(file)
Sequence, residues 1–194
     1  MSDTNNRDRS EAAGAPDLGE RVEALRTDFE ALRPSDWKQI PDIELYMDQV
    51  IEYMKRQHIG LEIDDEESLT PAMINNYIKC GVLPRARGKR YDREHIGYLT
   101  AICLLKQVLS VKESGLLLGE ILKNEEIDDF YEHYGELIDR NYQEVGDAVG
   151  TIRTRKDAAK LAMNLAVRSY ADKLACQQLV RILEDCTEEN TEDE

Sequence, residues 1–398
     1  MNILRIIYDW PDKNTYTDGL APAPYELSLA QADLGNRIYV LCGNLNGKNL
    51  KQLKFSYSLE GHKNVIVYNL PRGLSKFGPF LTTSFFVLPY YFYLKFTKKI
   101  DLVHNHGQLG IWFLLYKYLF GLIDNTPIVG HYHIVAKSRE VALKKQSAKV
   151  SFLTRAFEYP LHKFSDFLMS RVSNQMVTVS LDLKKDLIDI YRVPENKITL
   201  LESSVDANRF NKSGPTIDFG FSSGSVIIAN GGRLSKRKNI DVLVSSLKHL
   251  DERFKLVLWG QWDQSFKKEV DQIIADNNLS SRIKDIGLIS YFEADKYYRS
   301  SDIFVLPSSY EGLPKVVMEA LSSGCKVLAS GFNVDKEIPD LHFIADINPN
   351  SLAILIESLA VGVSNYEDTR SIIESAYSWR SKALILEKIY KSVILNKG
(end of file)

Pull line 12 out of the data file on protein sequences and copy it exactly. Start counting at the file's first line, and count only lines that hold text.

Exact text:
   251  DERFKLVLWG QWDQSFKKEV DQIIADNNLS SRIKDIGLIS YFEADKYYRS